We may never know for sure what it is about the "Chuck Norris Facts" joke that captured the Internet's attention for so many years, but let's assume a psychological perspective. If you're an optimist, you might connect the memes to the slow death of toxic masculinity and see Chuck Norris facts as a way to mock and belittle the sort of masculine energy once so revered in our culture. We laugh at the ludicrous displays of violence and toughness in Walker, Texas Ranger because we recognize that manhood is about a lot more than physical prowess and machismo. Maybe Chuck Norris facts were such a phenomenon in 2004 because we were just beginning to recognize the toxicity that comes with the kind of hyper-masculinity that Chuck Norris represented.
But if you're more cynical, you may connect Chuck Norris facts to just the opposite and see them as an obvious precursor to an online culture that would soon be filled with alt-right propaganda, anti-women chat rooms, incel groups, and other dark, hyper-masculine Internet spaces like 4chan. These polarizing bubbles would go on to breed school shooters and other white, male domestic terrorists, and it's not a crazy leap to think that many of those men—back in 2004—may have enjoyed Chuck Norris facts as a kind of hero worship.
Chuck Norris, as a person, is inconsequential (despite how problematic he actually is); what's more important is Chuck Norris, as a phenomenon and as a symbol. Though what exactly that symbol represents within the context of the chaos of the Internet depends on your own pre-existing biases and reveals more about how you see the world than you'd expect from a simple meme.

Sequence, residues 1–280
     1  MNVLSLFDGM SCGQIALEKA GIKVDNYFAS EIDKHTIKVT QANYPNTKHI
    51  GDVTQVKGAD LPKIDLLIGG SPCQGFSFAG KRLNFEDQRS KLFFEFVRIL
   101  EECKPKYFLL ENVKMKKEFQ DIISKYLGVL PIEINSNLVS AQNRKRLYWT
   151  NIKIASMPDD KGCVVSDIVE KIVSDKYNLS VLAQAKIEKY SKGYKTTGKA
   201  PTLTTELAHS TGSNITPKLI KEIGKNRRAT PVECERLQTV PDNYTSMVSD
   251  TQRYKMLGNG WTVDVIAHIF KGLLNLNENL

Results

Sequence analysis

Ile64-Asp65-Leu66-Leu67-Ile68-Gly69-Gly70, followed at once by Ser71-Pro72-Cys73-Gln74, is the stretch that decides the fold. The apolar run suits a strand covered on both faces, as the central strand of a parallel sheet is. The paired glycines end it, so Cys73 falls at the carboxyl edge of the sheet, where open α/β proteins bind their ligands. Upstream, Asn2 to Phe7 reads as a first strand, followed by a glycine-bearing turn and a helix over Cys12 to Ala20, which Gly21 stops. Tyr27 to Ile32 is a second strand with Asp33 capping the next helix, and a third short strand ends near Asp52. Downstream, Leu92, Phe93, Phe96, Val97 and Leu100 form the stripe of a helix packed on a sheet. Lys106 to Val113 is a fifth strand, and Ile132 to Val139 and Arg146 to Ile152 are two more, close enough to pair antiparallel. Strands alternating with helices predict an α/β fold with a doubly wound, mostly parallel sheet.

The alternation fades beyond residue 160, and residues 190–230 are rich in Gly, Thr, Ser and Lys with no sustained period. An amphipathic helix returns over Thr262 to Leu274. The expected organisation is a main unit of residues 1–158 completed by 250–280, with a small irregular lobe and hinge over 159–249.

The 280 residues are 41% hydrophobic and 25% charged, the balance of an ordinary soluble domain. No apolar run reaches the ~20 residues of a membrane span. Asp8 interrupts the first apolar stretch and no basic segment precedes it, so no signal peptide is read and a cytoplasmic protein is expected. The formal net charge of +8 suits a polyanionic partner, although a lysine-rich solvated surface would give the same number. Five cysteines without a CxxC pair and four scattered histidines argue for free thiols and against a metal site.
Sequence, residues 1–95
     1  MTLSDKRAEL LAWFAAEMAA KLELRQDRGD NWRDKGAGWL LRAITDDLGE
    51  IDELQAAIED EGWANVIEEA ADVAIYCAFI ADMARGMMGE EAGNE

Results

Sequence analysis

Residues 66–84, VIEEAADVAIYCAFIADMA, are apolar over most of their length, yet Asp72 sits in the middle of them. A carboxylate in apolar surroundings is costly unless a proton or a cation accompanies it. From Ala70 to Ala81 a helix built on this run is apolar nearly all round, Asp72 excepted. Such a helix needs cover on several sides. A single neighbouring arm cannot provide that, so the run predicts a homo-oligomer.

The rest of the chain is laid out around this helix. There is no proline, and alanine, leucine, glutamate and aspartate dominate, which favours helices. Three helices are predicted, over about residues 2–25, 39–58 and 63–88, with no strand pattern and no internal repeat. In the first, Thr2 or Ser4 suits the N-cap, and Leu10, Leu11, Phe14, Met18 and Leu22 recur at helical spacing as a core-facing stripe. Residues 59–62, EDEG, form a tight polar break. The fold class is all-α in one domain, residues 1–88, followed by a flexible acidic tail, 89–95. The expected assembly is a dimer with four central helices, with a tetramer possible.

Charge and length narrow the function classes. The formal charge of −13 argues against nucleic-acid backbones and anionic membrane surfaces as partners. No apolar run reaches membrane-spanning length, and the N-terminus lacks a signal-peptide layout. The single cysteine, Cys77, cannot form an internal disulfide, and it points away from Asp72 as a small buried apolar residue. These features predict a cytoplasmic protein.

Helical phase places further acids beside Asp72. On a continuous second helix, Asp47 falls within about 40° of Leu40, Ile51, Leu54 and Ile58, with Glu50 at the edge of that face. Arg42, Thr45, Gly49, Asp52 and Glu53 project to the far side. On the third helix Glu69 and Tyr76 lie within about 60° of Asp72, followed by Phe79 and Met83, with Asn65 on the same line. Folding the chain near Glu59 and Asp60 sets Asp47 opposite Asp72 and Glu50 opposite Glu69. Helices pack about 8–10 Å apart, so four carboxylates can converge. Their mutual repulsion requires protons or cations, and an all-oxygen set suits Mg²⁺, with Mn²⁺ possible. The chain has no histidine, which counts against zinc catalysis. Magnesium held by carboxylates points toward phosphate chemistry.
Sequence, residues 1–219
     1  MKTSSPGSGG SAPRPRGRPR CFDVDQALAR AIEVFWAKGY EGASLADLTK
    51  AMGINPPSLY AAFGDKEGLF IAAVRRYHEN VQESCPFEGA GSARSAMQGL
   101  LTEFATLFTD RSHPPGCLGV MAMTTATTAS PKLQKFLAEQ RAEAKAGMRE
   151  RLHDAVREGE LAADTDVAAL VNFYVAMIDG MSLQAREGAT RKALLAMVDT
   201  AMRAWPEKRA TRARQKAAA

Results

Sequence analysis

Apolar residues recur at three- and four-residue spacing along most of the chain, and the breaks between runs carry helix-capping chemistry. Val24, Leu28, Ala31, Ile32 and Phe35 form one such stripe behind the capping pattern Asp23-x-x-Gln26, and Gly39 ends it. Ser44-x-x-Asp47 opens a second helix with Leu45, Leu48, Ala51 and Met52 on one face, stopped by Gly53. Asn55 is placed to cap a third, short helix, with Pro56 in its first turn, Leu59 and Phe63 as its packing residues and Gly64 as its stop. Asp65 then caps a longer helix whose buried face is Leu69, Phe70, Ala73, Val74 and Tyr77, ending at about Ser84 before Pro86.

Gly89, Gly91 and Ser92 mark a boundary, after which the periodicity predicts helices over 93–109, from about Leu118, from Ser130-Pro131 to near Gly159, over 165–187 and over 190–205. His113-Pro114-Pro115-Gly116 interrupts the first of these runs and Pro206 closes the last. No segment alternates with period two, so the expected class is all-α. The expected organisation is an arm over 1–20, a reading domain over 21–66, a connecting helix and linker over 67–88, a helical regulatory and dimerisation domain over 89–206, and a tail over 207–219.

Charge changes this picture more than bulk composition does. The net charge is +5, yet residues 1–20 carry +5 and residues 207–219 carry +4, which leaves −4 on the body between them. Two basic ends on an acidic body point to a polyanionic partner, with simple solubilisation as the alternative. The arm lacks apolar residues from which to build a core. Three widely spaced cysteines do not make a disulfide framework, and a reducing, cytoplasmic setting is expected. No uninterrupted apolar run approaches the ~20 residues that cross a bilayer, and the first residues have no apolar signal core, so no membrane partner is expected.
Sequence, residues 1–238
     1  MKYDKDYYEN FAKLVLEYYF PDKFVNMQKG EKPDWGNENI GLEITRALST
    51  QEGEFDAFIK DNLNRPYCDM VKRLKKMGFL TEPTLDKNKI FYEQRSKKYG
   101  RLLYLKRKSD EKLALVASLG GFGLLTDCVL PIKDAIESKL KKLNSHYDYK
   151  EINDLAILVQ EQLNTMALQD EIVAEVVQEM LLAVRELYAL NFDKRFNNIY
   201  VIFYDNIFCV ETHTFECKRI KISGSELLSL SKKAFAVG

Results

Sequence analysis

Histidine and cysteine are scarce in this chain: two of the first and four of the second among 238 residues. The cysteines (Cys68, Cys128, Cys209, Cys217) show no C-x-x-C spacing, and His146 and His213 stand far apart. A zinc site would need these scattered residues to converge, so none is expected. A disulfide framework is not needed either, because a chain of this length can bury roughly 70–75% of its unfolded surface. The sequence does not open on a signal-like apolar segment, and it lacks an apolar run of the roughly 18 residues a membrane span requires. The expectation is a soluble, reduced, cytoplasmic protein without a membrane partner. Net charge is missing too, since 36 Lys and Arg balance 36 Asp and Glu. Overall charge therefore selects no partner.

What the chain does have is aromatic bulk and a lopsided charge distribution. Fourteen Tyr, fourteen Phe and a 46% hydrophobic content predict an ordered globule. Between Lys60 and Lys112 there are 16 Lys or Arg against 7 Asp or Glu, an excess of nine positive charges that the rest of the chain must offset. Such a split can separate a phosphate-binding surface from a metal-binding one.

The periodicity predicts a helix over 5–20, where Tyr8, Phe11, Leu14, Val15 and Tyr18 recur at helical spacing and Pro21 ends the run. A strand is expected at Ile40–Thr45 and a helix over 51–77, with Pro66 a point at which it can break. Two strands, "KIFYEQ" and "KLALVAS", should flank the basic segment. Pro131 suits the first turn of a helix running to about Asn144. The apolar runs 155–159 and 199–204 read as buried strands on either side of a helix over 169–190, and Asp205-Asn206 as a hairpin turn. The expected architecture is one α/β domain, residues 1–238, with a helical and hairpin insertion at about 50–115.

Aaron Sorkin's new film tells a familiar story of a divided America that takes on new relevance in October 2020.
At one point in Aaron Sorkin's new film, Trial of the Chicago 7, a crowd of protestors round a street corner and are confronted by row upon row of armed forces.
As they face down the police and the military, and someone with a megaphone begins telling them to stand back, I couldn't help thinking of some of the protests I attended in NYC this summer. The scene sent me straight back to a moment when protestors ran out over the Brooklyn Bridge towards rows of police. It's one of the many moments in the film—which takes place in 1968—that feel eerily reminiscent of 2020.
Though it takes place deep in the crosshairs of the '60s, Aaron Sorkin's Trial of the Chicago 7—which debuted on Netflix this weekend—is clearly meant to remind us of today's political landscape. From its underlying narratives about police brutality to its emphasis on the brokenness of the U.S. government and depiction of a fractured so-called "radical left," the film was clearly saved specifically for this moment.